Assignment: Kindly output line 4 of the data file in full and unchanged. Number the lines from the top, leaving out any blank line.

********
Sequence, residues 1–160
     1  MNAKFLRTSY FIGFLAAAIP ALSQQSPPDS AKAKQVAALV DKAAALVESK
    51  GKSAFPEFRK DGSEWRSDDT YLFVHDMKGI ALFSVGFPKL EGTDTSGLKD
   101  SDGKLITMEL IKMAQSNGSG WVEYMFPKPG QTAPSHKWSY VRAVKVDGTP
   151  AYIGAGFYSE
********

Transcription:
   101  SDGKLITMEL IKMAQSNGSG WVEYMFPKPG QTAPSHKWSY VRAVKVDGTP